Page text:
Wednesday, November 08, 2006

I love Emily Gilmore

And I love my mother. They are both flawed and funny and sad and cruel and somewhat crazy. That doesn't mean that either one is easy to be around.

For those unenlightened souls, check out this information on Emily Gilmore. She is a character from what has sometimes been one of the best written shows on t.v., The Gilmore Girls, and one of the only reasons to watch the show through the rather dismal last season and the weirdness of this one. I totally get her and her daughter Lorelei's relationship and I adore how she is written. I get the relationship because even though my mother is not from blue-blood society and isn't as smart nor as deliberately cruel, the two of them bear remarkable similarities. I get it because I, too, have tried to handle my mother with humor and have had times when I've had to withdraw completely from her AND I've sometimes overreacted to something seemingly innocuous because it all piles up. And I adore how Emily is written because despite her cruelty, despite her focus on the all-importance of appearance (something my mother shares), she also is played so well and is a 3-dimensional character for whom your heart sometimes breaks. She is genuinely bewildered that her daughter doesn't want all she has to give and teach. She is trying to be the best mother (and grandmother) she can be. And that's all any of us do. So I appreciate the talent that went into this character.

There are differences though. It took me many years (decades really) to realize that my mother is truly ill. I don't think Emily is. My mother contends with paranoia, delusions and conspiracy theories and I often wonder how difficult that must be for her. At the same time it can be difficult to be patient because she can be cruel to those around her. As she ages, this is all becoming more pronounced. (Though I believe age-related dementia may be part of the problem now and I wish I could help her in this regard, all of these issues have been there for decades so they are not the result of age or physical illness.)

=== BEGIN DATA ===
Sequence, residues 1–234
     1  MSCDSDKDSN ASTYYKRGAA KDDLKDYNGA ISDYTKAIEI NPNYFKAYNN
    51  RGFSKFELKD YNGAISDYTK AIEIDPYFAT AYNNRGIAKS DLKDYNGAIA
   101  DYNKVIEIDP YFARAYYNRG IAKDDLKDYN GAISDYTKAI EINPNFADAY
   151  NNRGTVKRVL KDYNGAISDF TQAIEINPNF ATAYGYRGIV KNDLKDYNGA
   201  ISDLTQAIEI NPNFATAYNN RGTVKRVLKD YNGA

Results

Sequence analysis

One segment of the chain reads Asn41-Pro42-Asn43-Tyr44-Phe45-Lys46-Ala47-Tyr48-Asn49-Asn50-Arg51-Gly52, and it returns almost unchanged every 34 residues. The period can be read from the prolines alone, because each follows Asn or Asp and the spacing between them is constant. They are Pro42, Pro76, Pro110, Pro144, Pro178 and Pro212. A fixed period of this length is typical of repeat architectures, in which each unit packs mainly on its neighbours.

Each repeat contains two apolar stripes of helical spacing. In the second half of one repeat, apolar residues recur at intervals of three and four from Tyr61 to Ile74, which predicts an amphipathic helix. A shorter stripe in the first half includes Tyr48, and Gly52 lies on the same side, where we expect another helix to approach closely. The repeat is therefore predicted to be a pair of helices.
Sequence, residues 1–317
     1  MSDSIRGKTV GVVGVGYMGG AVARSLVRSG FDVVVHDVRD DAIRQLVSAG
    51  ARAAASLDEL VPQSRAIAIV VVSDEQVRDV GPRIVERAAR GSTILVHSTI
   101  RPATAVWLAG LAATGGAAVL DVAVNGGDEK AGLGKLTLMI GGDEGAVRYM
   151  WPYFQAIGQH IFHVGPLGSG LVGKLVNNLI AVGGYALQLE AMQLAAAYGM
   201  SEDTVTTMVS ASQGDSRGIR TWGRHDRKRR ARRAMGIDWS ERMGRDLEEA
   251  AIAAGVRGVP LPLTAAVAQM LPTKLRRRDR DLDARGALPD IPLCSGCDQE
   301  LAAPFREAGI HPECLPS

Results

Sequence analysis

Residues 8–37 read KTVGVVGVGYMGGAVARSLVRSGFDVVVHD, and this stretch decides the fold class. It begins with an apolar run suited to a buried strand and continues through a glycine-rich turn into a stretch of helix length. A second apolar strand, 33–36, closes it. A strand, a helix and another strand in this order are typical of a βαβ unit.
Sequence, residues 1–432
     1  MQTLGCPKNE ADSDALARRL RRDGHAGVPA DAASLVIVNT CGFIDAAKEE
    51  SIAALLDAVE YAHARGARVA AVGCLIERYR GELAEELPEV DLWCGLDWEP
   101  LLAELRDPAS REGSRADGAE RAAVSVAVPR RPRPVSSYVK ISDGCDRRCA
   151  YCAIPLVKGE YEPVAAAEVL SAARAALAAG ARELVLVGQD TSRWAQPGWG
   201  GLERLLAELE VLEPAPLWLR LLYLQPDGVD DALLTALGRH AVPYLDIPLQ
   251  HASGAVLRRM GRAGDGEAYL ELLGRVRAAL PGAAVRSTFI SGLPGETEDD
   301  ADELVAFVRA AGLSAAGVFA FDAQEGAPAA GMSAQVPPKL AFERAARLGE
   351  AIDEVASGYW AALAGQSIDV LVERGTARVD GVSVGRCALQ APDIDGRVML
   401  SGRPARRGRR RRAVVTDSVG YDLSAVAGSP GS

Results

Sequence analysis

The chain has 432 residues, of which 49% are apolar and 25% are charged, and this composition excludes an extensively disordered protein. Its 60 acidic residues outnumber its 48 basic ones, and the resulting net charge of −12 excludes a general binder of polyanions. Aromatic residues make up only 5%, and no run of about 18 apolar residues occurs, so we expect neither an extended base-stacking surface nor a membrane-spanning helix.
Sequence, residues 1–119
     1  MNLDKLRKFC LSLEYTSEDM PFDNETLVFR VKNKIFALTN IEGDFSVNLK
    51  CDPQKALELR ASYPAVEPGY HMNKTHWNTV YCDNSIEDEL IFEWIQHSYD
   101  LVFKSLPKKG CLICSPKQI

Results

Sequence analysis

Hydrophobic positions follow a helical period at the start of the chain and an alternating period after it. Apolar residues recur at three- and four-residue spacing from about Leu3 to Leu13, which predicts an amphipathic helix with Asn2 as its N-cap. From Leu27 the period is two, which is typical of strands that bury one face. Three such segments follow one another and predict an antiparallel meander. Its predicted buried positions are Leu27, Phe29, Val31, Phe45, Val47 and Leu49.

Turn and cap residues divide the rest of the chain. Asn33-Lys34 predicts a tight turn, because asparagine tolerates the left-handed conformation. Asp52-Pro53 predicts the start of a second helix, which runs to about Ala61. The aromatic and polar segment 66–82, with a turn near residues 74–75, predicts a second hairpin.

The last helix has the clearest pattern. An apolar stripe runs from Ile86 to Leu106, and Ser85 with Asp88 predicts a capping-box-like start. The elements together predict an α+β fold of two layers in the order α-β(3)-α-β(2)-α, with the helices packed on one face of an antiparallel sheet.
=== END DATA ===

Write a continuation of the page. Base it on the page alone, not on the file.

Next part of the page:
I know that, just as Emily loves Lorelei, my mother truly loves me. She just doesn't know how to show it without trying to control every aspect of my life. She loves me the only way she knows how. She gives to me the things she thinks I need and has, at times, been there at times when I did really need her. I cannot share any of her story without emphasizing all of that too.

Unlike Lorelei, I work hard at being kind to my mother (while keeping healthy boundaries). This is partly for her, because I do believe she is sick and therefore deserving of kindness and forgiveness. And it's also for me because I do not want her treatment of me to turn me into someone I am not. I don't want to give her that power.

Currently, my mother is punishing me in various ways, trying different tactics to ensure I feel the punishment. I am again screening my calls so I can talk to her only when I feel strong enough to do so. She has an ability to kick me when I'm down that I need to avoid for my own health. She is punishing me because I do not agree with her about some issues in my life she's decided are important and requiring change AND I won't let her give some things to me. Gifts from her are about what she feels I need, not what I actually need, and there are always strings attached so I decline most of the time. I understand her frustration at not being able to control things as she would like AND that she feels this as a rejection of love but I can't help that. I am and always will be a heavy disappointment to her.

Thank goodness for Emily Gilmore. The laughter provides me with needed perspective on my own mother and on myself.


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